But of course we all know that Liberty don’t care about the sport so will throw away it’s history, heritage and identity to ensure there American style show is put above the sport. And we also know that they don’t care about or value the long time and most dedicated members of the fanbase and will just bend over backwards to get the netflix nascar casuals.

    I’d say WEC with the more open Hypercar rules would be a nice alternative but sadly thats a farcical joke with the manipulative balance of performance changes every round. It’s essentially become just as bad as the ultimate joke gimmick of the anti-sport success penalty ballast thats blighted many once amazing championships the past 20 years.

    Man i miss the days when Motor Racing was actually viewed and treated like a sport. The decline of the sport the past 20 years or so has been really sad.

    1. Performance equalisation, Development freezes & any sort of balance of performance type system should have zero place in F1 as the pinnacle of the sport.

      What pinnacle? ‘This’ is the pinnacle of motorsport???
      There are plenty of better series than this, in so many ways.

      Draw up a set of regulations and let the competitors have at it.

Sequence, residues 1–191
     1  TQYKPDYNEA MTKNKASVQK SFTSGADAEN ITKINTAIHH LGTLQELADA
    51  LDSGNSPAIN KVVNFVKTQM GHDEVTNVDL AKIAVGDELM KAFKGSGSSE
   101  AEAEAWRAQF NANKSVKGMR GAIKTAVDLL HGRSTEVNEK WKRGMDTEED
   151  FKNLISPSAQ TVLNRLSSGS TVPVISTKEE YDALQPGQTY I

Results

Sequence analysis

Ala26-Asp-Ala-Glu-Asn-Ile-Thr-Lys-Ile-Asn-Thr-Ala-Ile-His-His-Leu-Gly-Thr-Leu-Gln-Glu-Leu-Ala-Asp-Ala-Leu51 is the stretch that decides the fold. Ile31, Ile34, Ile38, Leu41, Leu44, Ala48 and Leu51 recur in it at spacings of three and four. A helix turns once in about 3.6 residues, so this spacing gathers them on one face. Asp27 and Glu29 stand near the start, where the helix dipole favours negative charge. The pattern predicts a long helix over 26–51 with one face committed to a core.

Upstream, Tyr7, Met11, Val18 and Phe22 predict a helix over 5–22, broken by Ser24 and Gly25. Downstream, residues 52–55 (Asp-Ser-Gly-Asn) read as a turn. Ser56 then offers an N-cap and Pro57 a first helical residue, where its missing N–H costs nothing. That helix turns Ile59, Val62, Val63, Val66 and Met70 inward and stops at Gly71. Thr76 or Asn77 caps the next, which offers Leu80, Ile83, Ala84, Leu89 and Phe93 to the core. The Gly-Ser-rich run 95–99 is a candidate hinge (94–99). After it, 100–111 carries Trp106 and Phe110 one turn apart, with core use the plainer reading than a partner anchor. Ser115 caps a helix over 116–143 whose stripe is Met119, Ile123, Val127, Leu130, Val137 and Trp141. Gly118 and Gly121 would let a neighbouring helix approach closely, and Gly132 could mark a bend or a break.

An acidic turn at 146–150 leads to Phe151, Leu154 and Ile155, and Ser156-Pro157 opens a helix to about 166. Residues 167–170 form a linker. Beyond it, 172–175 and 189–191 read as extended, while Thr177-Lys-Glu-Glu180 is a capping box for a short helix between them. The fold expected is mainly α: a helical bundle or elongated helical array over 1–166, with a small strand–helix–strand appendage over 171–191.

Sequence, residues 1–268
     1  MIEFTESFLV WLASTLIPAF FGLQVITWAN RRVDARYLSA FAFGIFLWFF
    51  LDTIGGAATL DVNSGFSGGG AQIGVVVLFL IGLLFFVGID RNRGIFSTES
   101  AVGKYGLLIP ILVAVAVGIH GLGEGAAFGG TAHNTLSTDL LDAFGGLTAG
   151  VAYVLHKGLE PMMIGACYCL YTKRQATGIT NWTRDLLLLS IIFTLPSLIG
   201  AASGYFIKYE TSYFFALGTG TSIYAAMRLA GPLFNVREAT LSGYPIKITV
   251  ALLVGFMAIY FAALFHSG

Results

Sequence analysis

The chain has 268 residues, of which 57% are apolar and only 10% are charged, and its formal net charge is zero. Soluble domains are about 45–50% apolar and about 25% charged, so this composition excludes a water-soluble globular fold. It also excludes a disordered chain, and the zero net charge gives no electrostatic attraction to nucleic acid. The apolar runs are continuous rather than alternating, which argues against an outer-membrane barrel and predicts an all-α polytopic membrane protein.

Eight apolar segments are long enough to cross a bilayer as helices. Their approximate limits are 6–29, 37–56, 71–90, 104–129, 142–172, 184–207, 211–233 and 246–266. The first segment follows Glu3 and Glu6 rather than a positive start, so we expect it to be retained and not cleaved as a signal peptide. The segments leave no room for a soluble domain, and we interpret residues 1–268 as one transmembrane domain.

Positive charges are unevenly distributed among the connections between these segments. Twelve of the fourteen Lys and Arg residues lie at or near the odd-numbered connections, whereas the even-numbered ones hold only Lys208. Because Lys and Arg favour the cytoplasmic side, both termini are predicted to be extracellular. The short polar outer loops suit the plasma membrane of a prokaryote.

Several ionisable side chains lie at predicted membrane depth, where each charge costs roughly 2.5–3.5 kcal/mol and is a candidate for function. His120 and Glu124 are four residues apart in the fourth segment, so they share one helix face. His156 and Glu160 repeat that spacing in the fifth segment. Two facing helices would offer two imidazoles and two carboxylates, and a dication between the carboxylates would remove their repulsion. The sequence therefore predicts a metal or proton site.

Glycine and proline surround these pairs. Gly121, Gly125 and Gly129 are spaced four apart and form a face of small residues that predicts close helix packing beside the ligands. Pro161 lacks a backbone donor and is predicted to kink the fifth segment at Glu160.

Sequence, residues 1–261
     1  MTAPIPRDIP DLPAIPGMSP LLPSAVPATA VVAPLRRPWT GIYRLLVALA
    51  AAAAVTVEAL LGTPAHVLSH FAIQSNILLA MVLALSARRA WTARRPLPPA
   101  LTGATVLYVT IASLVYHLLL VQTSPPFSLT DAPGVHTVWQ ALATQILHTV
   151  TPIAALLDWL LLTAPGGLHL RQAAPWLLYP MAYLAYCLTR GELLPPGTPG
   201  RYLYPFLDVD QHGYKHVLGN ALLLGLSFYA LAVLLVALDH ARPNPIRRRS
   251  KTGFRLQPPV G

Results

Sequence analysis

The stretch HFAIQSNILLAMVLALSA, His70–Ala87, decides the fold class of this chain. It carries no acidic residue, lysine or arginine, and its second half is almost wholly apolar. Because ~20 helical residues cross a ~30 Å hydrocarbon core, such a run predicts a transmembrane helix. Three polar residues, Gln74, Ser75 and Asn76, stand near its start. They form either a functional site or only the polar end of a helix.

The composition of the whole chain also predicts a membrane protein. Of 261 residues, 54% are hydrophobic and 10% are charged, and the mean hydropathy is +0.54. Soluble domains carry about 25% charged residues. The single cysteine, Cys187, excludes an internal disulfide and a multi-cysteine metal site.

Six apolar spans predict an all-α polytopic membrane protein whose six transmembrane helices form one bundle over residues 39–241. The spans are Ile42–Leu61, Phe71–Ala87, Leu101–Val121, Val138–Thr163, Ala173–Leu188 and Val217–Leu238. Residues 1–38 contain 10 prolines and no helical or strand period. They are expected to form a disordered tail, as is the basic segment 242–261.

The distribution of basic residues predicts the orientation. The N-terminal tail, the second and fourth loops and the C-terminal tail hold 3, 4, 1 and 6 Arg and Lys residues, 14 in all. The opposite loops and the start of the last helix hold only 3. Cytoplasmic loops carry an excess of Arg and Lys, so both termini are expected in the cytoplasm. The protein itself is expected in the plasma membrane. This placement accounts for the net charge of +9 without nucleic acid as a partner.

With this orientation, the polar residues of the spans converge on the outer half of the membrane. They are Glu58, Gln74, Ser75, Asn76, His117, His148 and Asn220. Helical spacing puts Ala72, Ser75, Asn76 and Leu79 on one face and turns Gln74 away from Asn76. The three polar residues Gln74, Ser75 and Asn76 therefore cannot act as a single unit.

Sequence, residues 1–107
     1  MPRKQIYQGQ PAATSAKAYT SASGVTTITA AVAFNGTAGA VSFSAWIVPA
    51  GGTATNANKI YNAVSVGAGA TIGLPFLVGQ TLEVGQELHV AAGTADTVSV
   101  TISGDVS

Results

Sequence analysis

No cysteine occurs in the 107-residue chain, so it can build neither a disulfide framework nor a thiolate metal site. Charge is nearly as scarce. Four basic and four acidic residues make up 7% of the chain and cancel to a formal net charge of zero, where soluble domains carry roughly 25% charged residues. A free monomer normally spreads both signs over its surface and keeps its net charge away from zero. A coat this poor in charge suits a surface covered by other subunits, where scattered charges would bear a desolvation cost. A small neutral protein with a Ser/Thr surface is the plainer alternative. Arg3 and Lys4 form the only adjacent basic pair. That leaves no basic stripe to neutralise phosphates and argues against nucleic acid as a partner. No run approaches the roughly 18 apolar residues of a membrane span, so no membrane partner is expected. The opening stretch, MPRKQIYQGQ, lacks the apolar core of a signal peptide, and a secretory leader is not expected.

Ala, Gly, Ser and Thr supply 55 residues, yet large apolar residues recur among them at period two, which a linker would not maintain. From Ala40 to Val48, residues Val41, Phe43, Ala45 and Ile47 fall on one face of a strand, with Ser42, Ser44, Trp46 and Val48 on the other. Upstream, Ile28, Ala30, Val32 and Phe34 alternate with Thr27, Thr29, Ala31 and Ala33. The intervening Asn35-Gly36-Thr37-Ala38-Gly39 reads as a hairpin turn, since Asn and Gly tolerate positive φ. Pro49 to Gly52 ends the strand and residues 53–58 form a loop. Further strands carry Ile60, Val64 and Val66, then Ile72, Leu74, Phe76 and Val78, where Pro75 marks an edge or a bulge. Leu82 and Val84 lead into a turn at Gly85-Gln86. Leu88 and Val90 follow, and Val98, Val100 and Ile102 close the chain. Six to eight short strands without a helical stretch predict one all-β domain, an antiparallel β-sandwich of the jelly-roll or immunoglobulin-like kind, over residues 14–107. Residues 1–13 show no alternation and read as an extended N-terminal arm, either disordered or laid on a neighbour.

They did, and those regs state that F1 isn’t a free-for-all for the benefit of the biggest spender anymore.
      Hopefully that means that good ideas, creativity and performance on the day can be more important than the brute financial force and success feedback that has lead to the extended periods of domination – particularly in modern F1.
      It will also hopefully mean that at least most seasons are worth watching, and aren’t a complete foregone conclusion based on the form of the previous season. F1 isn’t just some club racing series with nobody watching and no bills to pay – this is a huge money-making machine, and has been for at least 50 years already. Providing a desirable product to the paying viewers (you aren’t the only one) means making certain sacrifices for the benefit of the whole.
      Just like with any other organised system or society.

      But of course we all know that Liberty don’t care about the sport so will throw away it’s history, heritage and identity